Transformation at EDSA

The tumultuous 1980s in the Philippines is the context for this section’s account of General Ramos’ pivot from his allegiance to the chain of command that emanated from the presidency to a break with the chain. His higher allegiance to democracy and the Constitution that enshrines it, gave him to withdraw his support for President Marcos’ hold on the nation, empower a coup d’etat, and lead a rebellion at the discovery of the coup. The historical turn that has since been variously called the EDSA People Power Revolution, or Rebellion (after the location between the general headquarters of the military and police forces, Epifanio de los Santos Avenue) led to the ascendance of Corazon Cojuangco Aquino, the widow of Senator Benigno Aquino, Jr., to the presidency. General Ramos was to serve President Aquino as her Secretary of Defense, during which tenure he had to wage armed defense against a series of coups d'état. Mounted by disaffected military personnel involved in the coup plot to depose President Marcos, these members of the group Reform the Armed Forces (RAM) attempted to wrest power from President Aquino. Secretary Ramos maintained faith in democracy and defended it militarily. As the principal architect of the Aquino Administration’s Amnesty Program for rebel returnees, he was his president’s principal partner in peace-building trajectories towards détente with the Muslim separatist forces and the New People’s Army of the Communist Party of the Philippines. This section provides detail on Fidel V. Ramos’ decisions during this pivotal decade, that would lead to his own ascendance to the presidency of the Philippines, and the opportunity to institutionalize people power in governance, supported by economic development.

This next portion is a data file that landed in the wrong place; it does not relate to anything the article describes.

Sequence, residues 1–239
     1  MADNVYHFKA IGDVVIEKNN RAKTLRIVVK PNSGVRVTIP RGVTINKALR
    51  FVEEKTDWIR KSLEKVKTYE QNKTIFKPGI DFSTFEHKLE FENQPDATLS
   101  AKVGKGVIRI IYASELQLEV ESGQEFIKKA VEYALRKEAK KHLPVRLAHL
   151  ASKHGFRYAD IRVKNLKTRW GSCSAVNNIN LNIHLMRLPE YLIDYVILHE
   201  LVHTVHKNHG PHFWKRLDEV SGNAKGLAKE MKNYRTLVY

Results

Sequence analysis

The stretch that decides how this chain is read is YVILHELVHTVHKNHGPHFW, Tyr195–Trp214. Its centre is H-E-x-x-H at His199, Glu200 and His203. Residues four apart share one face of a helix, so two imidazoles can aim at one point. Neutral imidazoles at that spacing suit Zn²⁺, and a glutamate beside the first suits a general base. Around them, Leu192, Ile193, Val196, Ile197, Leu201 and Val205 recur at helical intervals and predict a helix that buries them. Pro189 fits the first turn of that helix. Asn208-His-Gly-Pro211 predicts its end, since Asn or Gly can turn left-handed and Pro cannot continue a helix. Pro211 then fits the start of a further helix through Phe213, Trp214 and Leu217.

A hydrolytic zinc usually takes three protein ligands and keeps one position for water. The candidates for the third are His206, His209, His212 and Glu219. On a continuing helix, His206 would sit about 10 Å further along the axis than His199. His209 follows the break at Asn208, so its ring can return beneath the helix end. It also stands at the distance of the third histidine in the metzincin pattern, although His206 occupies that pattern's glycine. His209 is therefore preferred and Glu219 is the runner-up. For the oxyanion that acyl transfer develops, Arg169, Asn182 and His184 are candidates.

National Defense Secretary Fidel V. Ramos joins a multitude on EDSA to celebrate
the first year anniversary of the 1986 People Power Revolution.

"What is happening is not a coup d’état, but a revolution of the people.”
General Fidel V. Ramos, EDSA, 23 February 1986
Ramos family archives